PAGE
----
Chandigarh, September 18
A Canadian family of six has embarked on a world tour to soak in as many visual memories as possible before three of them go blind.
Parents Edith Lemay and Sebastien Pelletier said their children, Mia, 12, Colin, 7, and Laurent, 5, all have been diagnosed with retinitis pigmentosa — a genetic disorder that affects the eyes and causes loss of vision.
Their son, Leo, 9, however, was given the all-clear.
The parents have strode on a mission to make sure that their kids get to see the world before they lose their vision, which is expected to hit them around midlife.
There is at present no cure for the disease.
As their eldest prepares for blindness by the time she turns 30, the family was suggested to make ‘visual memories’ by Mia’s speacialist.
Edith told CNN Travel, “I thought, I’m not going to show her an elephant in a book, I’m going to take her to see a real elephant.”
“And I’m going to fill her visual memory with the best, most beautiful images I can,” she added.
“With the diagnosis, we have urgency,” Sebastien said. “There’s great things to do at home, but there’s nothing better than travelling. Not only the scenery but also the different cultures and people,” he added.
The family is on an adventure around the globe and doesn’t wish to return to their home in Quebec for another six months.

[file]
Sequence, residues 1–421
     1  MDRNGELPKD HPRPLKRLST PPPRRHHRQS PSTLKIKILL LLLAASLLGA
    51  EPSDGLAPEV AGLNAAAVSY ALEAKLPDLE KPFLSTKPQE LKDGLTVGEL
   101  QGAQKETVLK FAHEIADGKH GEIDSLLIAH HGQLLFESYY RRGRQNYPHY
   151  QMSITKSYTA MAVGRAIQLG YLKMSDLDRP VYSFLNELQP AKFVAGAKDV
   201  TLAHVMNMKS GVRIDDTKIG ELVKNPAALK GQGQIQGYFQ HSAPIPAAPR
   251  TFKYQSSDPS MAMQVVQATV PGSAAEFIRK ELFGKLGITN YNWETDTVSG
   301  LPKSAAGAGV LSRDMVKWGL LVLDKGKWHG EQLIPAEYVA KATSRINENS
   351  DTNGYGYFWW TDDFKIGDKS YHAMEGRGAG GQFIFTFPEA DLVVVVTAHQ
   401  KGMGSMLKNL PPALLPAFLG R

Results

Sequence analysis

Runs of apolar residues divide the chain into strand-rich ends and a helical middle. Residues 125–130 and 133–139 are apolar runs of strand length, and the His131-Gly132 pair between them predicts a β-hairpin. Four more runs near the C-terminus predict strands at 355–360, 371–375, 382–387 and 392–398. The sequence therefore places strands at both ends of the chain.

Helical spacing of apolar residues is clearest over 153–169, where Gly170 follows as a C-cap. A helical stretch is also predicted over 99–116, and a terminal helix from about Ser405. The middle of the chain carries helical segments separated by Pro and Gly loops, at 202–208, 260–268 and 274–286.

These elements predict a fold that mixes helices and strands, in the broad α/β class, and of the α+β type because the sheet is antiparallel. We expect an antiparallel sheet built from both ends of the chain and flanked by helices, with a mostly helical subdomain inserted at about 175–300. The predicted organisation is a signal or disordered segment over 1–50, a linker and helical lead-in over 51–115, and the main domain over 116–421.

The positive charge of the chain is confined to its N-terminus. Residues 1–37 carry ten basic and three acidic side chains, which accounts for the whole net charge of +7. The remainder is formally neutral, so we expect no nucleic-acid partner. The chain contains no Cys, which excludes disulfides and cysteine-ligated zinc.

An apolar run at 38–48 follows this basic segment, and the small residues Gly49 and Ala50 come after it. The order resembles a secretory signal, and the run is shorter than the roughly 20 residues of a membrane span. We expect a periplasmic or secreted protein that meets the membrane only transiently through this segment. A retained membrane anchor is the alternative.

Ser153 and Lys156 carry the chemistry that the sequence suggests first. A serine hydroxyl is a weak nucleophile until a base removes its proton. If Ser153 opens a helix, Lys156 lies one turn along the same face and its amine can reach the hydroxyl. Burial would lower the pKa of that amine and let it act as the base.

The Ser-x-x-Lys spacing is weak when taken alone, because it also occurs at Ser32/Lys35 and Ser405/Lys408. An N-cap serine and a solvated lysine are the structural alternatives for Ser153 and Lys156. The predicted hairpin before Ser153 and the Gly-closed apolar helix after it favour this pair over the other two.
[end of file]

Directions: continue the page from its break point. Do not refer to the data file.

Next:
The family embarked on their global trek around eastern Canada in July 2021. In March 2022, they started their international tour in Namibia.
They later went from Mongolia to Indonesia and have a bucket list of activities to cross off as the kids want to ride horses and drink juice on a camel.
They keep their friends and fans updated with their travels through regular updates on Facebook and Instagram.
“We never know what’s going to impress them,” Edith said. “They see puppies in the street and it’s the best thing in their life,” she added.
“This trip has opened our eyes to a lot of other things, and we really want to enjoy what we have and the people that are around us,” Sebastien said.
While preparing their kids for the life-altering challenges ahead, the parents remain optimistic that their kids will never go blind.
“Hopefully, science will find a solution,” Sebastien said.
The parents hope that besides strengthening their knowledge, the children will garner survival skills through their travelling experience.
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